Heck, Arizona just started 5-2 and missed the playoffs one year ago.
The schedule is not easy, either. Arizona does get Houston and Detroit, but those are the only two easy wins left. The Cardinals could be an underdog in all six division games and still have to play Cleveland, Green Bay, Dallas and Carolina. Even games against the Bears and Colts come late in the season, when both teams should be more dangerous. The Cardinals probably need at least five wins from those games. It’s doable, but won’t be easy.
The Cards are like the Raiders, but the division and schedule are tougher, and the NFC is typically tougher to get into. Besides, the odds aren’t the same — the Cards are an implied 57% to make the playoffs, and that overrates their chances. That’s closer to what I’d make them to miss the playoffs, which makes Arizona serious value at +125 at BetMGM.
VERDICT: Bet Cardinals +125 to miss the playoffs at BetMGM
The Panthers are the least likely 3-0 team to make the playoffs and the only one of these five teams that’s still an underdog to make the postseason.
While the Cardinals are like the Raiders, the Panthers are more like the NFC version of the Broncos. Like Denver, Carolina is winning with defense first, and has also done it against a pretty soft schedule. Two of the Panthers’ wins are against the lowly Jets and Texans, and it’s hard to know how valuable that Saints win is just yet.
The Panthers defense has been even better than the Broncos, though. Carolina ranks first in overall DVOA, first in defensive DVOA as well as first in both passing and rushing defense. Pretty good. Shaq Thompson has been a revelation, Brian Burns leads a ferocious pass rush and the secondary has really surprised, led by corners Donte Jackson and rookie Jaycee Horn.
Unfortunately, Horn will miss most of the season injured, and newly-acquired replacement C.J. Henderson is a serious step down. The Panthers were a sleeper top-10 defense, but maintaining this level of dominance all season is very unlikely — after all, you don’t get to play the Jets and Texans all season.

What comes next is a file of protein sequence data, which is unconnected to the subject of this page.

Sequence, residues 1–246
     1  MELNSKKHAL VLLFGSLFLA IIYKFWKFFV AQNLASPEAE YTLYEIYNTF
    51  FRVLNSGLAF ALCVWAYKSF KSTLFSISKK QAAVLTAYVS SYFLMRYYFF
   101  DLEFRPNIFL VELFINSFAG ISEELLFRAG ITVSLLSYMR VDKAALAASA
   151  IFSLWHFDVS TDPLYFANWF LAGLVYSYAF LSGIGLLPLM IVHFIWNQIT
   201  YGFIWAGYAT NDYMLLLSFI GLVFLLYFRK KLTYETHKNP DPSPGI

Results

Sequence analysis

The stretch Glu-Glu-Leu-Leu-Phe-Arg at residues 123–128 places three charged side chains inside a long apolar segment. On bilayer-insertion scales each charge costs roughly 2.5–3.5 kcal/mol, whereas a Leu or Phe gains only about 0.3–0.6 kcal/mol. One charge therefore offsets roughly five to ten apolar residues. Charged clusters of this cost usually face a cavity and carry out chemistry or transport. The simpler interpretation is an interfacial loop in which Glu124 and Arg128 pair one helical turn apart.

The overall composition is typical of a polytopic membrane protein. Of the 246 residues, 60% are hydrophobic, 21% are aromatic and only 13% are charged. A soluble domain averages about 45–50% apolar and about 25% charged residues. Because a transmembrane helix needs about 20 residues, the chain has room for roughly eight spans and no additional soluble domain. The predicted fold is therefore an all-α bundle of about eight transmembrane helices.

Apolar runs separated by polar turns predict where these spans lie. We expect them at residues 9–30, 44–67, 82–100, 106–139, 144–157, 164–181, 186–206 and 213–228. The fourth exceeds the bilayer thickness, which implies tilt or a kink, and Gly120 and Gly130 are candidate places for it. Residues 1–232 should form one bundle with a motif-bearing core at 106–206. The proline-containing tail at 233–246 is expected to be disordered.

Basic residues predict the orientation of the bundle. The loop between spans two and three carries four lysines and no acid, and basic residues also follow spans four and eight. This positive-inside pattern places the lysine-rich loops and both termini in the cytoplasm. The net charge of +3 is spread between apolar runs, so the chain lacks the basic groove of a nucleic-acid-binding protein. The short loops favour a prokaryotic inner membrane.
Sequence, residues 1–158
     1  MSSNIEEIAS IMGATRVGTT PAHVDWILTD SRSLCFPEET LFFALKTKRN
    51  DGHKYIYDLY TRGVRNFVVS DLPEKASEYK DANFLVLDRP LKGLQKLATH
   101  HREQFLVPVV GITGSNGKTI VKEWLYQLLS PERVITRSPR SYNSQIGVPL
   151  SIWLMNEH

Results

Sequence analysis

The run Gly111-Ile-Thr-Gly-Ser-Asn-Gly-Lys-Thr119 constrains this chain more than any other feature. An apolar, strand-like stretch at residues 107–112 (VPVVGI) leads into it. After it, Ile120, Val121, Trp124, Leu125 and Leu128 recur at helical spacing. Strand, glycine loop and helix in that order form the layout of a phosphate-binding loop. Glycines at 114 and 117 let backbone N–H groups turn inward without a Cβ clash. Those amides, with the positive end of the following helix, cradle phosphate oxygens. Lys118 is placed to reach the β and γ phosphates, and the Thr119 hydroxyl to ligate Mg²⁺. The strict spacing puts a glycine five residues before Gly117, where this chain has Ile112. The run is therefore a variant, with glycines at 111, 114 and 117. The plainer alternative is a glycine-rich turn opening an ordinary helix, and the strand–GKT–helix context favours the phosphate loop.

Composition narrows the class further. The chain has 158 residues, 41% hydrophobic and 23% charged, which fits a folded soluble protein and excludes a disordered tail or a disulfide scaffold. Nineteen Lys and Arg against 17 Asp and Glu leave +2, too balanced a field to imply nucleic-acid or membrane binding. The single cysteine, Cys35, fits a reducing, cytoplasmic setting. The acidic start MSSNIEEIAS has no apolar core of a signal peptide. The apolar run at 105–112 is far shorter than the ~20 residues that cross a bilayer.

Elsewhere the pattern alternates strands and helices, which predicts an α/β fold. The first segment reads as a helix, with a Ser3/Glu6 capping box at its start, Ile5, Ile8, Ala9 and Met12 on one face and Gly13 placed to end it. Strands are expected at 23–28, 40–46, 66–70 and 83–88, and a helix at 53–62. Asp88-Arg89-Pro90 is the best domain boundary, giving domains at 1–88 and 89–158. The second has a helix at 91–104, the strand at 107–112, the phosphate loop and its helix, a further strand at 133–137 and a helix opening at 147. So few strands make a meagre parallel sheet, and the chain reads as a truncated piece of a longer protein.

Horn isn’t the only key injury. Christian McCaffrey is hurt, too, and that’s a worrying sign this early. Running backs don’t matter in the NFL — unless, of course, you build your entire rushing and passing attack around them. Rookie RB Chuba Hubbard is not much of a replacement. And Sam Darnold has looked decent at times but still has much to prove too.
Unlike the Broncos, the Panthers’ offense does not look reliable or anything close to great.
Carolina still gets to face the entire NFC East, but the schedule is tricky. Games against the Cowboys, Eagles and Vikings over the next three weeks — potentially without McCaffrey — could drop the Panthers right back to 4-2 or even 3-3. They still have to travel to Buffalo and Miami, with Tua Tagovailoa likely healthy, and have a brutal closing stretch against the Bucs, Saints and Bucs again, the final two games on the road.
Carolina might need to be 9-5 entering that home stretch to feel good about its chances.
The path is there.
The NFC East probably gets one playoff berth. Minnesota is the only wildcard candidate in the North. And if they can beat the Eagles and Vikings in October, the Panthers will put some real distance between themselves and the competition. Even if the NFC West grabs two wildcards, that still leaves one other spot. Carolina is in solid position to stay ahead of Minnesota, Philly and/or New Orleans for it — but it could all go sideways the next few weeks.
The books are right to make Carolina an underdog to hit the playoffs. Things are looking up after a 3-0 start, but the Horn and McCaffrey injuries are serious blows. If you do like Carolina, you’re better off just betting the Panthers in these upcoming games against Philadelphia and Minnesota.